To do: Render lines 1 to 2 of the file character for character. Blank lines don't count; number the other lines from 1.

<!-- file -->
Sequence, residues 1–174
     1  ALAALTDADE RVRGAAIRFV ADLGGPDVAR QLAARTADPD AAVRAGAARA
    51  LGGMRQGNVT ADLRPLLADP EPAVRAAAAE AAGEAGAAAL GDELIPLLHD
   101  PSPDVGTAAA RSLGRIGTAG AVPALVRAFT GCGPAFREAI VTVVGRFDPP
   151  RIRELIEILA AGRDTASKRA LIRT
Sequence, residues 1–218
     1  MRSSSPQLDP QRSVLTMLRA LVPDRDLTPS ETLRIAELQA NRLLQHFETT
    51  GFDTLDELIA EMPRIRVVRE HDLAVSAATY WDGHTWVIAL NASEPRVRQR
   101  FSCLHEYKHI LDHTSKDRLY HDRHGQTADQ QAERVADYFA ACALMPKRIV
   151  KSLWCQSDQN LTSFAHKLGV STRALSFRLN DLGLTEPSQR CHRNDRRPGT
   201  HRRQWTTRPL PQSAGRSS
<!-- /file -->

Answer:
Sequence, residues 1–174
     1  ALAALTDADE RVRGAAIRFV ADLGGPDVAR QLAARTADPD AAVRAGAARA